1-Business Management Seat

    1-Biologist Seat

    Chair who would vote only if there is a tie


Wildlife tourism l.jpg
Wildlife Tourism of state and urban hunters pay a fair value similar to the alternative market value for these animals. Alaskan hunters represent only 20% of the population and 20% of the economical wildlife market.

  • Tourism is the sustainable money pipeline for Alaska.

  • People come, visit, see wolves, moose, bears, whales, etc., leave a lot of money and then go home. Business just does not get better than that.


Legislators l.jpg
Legislators: of state and urban hunters pay a fair value similar to the alternative market value for these animals. Alaskan hunters represent only 20% of the population and 20% of the economical wildlife market.

  • I am not asking you to become greenies or even conservationists.

  • I am asking you to become responsible business people representing the economic interests of all Alaskans by growing a vibrant business and creating thousands of new environmentally friendly jobs.


Business of wildlife43 l.jpg
Business of Wildlife of state and urban hunters pay a fair value similar to the alternative market value for these animals. Alaskan hunters represent only 20% of the population and 20% of the economical wildlife market.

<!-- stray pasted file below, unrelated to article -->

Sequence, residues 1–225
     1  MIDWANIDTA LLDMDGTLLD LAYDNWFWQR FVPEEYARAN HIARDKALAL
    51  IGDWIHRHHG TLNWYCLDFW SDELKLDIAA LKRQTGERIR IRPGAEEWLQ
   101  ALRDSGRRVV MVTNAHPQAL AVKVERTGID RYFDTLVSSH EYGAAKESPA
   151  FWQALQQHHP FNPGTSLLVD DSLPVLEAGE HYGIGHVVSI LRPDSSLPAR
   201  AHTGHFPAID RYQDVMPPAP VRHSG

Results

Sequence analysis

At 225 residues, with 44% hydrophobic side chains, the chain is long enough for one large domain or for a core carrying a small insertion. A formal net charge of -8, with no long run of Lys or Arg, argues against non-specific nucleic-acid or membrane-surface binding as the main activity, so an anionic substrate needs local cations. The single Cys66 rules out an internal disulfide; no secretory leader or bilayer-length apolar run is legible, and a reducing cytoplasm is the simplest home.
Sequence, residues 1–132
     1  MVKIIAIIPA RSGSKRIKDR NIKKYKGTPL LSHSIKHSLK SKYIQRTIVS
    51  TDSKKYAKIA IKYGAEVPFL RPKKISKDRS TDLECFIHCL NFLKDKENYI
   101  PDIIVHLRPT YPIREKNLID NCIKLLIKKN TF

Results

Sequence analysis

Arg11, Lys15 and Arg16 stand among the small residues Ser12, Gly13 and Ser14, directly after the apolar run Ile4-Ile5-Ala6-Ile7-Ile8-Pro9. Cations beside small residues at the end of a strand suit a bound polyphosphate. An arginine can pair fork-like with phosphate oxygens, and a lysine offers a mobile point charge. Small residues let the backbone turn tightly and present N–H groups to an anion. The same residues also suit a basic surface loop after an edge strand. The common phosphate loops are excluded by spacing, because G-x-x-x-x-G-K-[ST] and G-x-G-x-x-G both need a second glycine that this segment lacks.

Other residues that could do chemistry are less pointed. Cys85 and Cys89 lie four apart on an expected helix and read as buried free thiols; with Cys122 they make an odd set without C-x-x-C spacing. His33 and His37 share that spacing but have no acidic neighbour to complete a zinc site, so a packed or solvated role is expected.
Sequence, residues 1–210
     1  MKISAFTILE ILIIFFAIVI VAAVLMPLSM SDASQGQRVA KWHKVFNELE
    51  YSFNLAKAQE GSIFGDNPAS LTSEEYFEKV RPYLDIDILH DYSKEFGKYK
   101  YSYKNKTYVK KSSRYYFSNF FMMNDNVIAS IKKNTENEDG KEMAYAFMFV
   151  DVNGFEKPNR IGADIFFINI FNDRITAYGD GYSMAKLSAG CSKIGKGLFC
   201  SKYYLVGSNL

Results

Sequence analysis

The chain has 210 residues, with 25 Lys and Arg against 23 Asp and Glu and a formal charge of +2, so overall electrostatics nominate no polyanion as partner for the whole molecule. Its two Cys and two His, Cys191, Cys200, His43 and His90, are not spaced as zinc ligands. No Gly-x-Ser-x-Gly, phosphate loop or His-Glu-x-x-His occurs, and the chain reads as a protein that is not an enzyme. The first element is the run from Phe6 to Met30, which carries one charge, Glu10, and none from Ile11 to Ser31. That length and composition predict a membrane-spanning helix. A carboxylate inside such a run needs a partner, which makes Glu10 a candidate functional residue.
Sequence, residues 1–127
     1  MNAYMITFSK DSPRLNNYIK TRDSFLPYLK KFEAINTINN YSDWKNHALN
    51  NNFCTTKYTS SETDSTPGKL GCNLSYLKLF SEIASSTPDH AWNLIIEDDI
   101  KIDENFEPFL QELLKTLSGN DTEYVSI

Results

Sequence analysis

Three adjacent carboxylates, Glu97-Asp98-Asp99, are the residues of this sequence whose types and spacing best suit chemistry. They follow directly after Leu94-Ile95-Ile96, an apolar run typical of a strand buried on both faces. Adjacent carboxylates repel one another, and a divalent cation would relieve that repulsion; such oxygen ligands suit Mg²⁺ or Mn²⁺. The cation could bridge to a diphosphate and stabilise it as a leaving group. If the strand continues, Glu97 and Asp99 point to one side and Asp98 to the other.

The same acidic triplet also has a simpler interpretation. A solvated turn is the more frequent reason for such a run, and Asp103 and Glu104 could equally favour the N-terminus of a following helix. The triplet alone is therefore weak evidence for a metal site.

• Do you want to be a buggy whip

    manufacturer (consumptive) in a

    slowly declining industry?

    or

  • Do you want to be an accelerator

    manufacturer (non-consumptive)

    in a high growth industry that brings

    money and new jobs into Alaska and

    manages all wildlife for abundance?


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Business of Wildlife of state and urban hunters pay a fair value similar to the alternative market value for these animals. Alaskan hunters represent only 20% of the population and 20% of the economical wildlife market.

You are the board of directors for this

company.

What are you going to do?


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Business of Wildlife of state and urban hunters pay a fair value similar to the alternative market value for these animals. Alaskan hunters represent only 20% of the population and 20% of the economical wildlife market.

Thank you.